Tag Archives: Hanan al-Shaykh

I Am Heathcliff curated by Kate Mosse

Overview

Title: I Am Heathcliff
Author: Kate Mosse, Louise Doughty, Grace McCleen, Nikesh Shukla, Erin Kelly, Joanna Cannon, Laurie Penny, Lisa McInerney, Juno Dawson, Hanan al-Shaykh, Alison Case, Louisa Young, Leila Aboulela, Anna James, Dorothy Koomson, Michael Stewart & Sophie Hannah
In: I Am Heathcliff (Kate Mosse)
Rating Out of 5: 3.5 (Liked this)
Bookshelves: Contemporary, Short story collections, Twisted romance
Dates read: 18th February – 16th May 2019
Pace: Slow
Format: Anthology
Publisher: Borough Press
Year: 2018
5th sentence, 74th page: Any sound Ellis made was nurtured, grown somehow by the floorboards and the leaded-glass windows, until even the sound of her own breathing seemed to be carried away down the landing, and passed around from room to room.

Buy The Book Now at The Book Depository, Free Delivery World Wide
Synopsis

16 modern fiction superstars shine a startling light on the romance and pain of the infamous literary pair Heathcliff and Cathy.
Short stories to stir the heart and awaken vital conversation about love.

Sixteen stories inspired by Wuthering Heights.

In Terminus a young woman hides in an empty Brighton hotel; in Thicker Than Blood a man sits in a hot tub stalking his newly-married love on social media; and in A Bird Half-Eaten an amateur boxer prepares for a match.

A woman recalls the Heathcliffs I Have Known and the physical danger she has borne at their hands; in Anima a child and a fox are unified in one startling moment of violence; and in One Letter Different two teenagers walk the moors and face up to their respective buried secrets.

Curated by Kate Mosse and commissioned for Emily Brontë’s bicentenary year in 2018, these fresh, modern stories pulse with the raw beauty and pain of love and are as timely as they are illuminating.

Thoughts

I did enjoy this collection, but not as much as I had hoped. Probably because I bought this before reading Wuthering Heights. Which I then hated. So although this collection went a long way towards helping me to understand just why people love the classic so much. I still didn’t really love the obsessive, twisted romance that really features throughout all of these. The darkness that is completely overwhelming and more than a little difficult to understand.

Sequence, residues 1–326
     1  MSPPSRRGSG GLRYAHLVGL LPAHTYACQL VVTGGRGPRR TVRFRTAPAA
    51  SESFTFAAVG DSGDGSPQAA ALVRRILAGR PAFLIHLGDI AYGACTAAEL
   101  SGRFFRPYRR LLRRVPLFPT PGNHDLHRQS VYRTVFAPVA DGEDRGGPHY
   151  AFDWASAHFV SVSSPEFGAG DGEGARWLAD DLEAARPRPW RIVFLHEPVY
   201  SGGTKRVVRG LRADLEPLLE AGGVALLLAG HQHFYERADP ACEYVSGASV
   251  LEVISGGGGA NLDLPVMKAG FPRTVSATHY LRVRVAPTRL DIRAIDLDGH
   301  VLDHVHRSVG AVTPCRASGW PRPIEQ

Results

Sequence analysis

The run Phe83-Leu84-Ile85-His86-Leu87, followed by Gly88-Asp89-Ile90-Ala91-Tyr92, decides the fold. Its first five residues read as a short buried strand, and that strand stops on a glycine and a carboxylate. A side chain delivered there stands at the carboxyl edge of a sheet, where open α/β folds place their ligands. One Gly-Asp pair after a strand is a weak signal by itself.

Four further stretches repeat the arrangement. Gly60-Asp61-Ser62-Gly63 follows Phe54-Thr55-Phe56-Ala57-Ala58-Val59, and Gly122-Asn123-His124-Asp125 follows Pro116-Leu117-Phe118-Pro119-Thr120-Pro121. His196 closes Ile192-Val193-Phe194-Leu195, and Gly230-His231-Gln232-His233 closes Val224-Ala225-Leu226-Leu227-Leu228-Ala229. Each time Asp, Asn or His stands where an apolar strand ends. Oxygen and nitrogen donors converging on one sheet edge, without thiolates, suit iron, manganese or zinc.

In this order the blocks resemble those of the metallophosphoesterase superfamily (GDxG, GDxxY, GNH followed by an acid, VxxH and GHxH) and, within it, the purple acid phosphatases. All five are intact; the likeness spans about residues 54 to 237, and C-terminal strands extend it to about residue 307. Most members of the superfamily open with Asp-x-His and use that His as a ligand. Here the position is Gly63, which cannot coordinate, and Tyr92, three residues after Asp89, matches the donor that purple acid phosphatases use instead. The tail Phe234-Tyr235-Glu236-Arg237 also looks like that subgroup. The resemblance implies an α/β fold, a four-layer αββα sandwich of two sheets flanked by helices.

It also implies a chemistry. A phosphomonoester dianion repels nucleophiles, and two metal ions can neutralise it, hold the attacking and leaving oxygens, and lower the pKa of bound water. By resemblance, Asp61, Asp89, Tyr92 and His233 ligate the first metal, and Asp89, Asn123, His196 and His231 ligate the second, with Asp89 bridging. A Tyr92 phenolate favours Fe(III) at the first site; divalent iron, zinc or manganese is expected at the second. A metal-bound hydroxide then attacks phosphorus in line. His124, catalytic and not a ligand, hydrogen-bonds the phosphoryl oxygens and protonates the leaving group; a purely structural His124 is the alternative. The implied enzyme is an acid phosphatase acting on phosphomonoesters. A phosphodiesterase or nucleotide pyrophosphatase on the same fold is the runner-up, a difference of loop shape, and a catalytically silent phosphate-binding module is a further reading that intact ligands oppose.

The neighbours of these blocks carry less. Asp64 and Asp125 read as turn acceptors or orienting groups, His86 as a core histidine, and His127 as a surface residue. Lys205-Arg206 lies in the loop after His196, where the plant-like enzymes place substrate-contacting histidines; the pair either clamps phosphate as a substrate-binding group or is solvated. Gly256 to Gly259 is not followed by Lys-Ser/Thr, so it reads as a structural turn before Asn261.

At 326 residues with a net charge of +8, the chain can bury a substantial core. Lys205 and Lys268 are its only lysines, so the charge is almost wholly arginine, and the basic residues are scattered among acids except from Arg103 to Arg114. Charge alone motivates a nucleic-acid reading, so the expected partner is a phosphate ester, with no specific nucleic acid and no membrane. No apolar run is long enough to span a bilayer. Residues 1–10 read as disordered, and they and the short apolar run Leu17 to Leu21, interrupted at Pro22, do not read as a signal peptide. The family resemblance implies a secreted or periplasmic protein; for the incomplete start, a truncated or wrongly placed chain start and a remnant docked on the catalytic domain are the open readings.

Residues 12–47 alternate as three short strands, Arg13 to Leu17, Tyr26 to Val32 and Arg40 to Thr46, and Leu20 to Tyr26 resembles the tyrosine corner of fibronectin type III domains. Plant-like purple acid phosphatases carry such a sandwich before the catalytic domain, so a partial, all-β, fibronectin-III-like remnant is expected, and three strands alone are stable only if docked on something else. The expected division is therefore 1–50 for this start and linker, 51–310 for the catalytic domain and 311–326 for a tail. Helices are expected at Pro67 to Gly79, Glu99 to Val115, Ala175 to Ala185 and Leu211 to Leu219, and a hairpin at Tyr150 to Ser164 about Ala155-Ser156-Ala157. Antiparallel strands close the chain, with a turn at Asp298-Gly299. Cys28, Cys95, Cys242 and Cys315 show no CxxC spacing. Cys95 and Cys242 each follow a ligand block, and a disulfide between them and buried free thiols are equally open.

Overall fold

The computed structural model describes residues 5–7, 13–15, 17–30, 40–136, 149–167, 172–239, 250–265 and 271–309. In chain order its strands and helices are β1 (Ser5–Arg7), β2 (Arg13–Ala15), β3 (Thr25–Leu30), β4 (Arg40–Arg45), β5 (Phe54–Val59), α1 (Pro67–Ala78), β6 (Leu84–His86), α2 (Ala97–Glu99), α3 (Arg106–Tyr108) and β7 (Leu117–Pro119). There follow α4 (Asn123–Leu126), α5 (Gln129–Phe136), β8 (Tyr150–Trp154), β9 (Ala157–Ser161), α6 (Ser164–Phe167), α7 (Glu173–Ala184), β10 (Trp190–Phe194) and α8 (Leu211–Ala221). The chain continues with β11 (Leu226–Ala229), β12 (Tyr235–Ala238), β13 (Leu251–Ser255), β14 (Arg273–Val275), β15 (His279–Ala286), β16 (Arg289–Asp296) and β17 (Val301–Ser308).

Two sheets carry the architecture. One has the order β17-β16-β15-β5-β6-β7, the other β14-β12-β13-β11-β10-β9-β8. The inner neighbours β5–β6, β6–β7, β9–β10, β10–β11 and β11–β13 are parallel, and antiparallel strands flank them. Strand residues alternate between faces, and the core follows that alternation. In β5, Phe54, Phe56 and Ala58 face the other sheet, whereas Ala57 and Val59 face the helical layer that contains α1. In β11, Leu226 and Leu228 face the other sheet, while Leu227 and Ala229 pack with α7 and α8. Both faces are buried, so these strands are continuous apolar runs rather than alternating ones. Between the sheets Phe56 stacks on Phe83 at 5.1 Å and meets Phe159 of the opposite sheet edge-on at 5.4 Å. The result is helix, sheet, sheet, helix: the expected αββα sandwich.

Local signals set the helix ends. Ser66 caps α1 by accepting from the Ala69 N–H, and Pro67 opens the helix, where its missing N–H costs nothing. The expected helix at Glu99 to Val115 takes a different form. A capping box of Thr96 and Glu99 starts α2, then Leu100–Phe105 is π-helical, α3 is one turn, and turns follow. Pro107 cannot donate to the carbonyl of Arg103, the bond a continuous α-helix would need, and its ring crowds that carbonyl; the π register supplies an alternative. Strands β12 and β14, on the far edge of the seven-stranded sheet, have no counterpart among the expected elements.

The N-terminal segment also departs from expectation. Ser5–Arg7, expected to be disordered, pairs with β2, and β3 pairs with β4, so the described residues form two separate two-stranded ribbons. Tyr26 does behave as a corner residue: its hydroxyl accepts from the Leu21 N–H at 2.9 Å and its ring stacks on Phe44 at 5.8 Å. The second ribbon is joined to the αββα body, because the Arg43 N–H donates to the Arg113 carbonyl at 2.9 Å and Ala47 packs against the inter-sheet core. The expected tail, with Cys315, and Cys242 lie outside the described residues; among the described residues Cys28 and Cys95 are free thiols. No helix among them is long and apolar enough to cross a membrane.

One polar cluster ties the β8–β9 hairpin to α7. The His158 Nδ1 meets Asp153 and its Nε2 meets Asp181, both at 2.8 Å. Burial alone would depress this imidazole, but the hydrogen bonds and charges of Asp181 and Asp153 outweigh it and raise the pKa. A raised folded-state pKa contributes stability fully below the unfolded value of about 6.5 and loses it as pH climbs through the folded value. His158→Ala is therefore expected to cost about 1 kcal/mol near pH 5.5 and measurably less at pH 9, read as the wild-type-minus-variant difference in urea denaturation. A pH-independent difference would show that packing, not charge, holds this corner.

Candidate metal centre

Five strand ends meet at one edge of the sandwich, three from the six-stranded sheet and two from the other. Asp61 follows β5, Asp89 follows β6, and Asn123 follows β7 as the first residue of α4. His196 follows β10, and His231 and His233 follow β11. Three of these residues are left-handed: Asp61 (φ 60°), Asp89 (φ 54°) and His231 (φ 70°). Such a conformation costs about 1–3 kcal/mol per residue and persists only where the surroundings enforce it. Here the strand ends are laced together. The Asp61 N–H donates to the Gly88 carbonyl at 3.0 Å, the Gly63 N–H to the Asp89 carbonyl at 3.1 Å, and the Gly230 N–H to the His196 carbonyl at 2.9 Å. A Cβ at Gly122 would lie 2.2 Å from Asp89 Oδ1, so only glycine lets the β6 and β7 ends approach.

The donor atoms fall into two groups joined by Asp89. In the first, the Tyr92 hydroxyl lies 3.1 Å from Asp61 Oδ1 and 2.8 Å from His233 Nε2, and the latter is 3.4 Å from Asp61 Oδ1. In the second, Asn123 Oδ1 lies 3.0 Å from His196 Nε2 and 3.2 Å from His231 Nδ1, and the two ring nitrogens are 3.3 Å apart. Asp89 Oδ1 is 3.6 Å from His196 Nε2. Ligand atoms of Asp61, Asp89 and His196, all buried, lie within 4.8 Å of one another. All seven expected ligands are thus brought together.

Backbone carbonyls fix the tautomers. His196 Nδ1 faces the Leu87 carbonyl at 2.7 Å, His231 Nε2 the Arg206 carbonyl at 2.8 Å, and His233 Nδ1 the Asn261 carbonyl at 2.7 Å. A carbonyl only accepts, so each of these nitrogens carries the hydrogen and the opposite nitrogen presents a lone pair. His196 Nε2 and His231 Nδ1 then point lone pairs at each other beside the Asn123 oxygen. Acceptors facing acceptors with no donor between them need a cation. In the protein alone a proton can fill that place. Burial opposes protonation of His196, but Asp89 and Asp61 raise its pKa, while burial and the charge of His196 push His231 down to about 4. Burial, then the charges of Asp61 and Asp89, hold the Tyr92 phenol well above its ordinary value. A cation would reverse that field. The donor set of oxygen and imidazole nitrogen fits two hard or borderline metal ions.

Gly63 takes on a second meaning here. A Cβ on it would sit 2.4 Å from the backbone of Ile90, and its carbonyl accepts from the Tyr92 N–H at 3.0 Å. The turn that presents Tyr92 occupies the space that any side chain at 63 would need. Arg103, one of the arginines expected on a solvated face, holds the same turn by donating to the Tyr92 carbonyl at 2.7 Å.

Taking an incredibly rich classic, one that has stood the tests of time and creating different storylines and modern perspectives on it is an impressive feat. Collecting all of these stories together in one great collection was thoroughly enjoyable. It definitely gave me a whole new perspective on the classic. And made me want to give it a go for a second time… maybe in a year or two when I’m a little more mellow, and less likely to hate on Heathcliff and Cathy so passionately…

 <- Only Joseph ReviewTerminus Review ->
Image source: Harper Collins Publishers

My Eye Is A Button On Your Dress by Hanan al-Shaykh

Overview

Title: My Eye Is A Button On Your Dress
Author: Hanan al-Shaykh
In: I Am Heathcliff (Kate Mosse)
Rating Out of 5: 4 (Really good read!)
My Bookshelves: Contemporary, Twisted romance
Dates read: 1st April 2019
Pace: Slow
Format: Short story
Publisher: Borough Press
Year: 2018
5th sentence, 74th page: He’s always, always in my mind: not as a pleasure, any more than I am always a pleasure to myself, but as my own being.

Buy The Book Now at The Book Depository, Free Delivery World Wide
Synopsis

She’s received a letter from a man she hasn’t seen for years. One that she thought was lost to her forever. But, when she returns to her home for a happily ever after, she realises that not everything is as it seems…

Thoughts

I actually thought that this story was going to have a happy ending. Completely expected it, and actually looked forward to it. And then all of my hopes came crashing down at the end. It was actually kind of a sinister ending and one that left the story open to many, many possibilities. It was just… uncomfortable and really quite dark.

I haven’t really read any stories that feature Arabic culture and are written by people from this part of the world. It’s something that just hasn’t shown up on my radar, and I haven’t really gone searching for it either. So it was kind of nice and interesting to read a story set in this reality. Especially when it is in a collection based upon an English classic. A great way to show how universal themes can be carried across a variety of cultural realities.

Although this story deals with a culture and worldly view that I don’t understand at all, it was still completely relatable. This short story took the same themes that I am familiar with and bought them into a different world, sweeping me along with them.

 <- Kit ReviewThe Cord Review ->
Image source: Harper Collins Publishers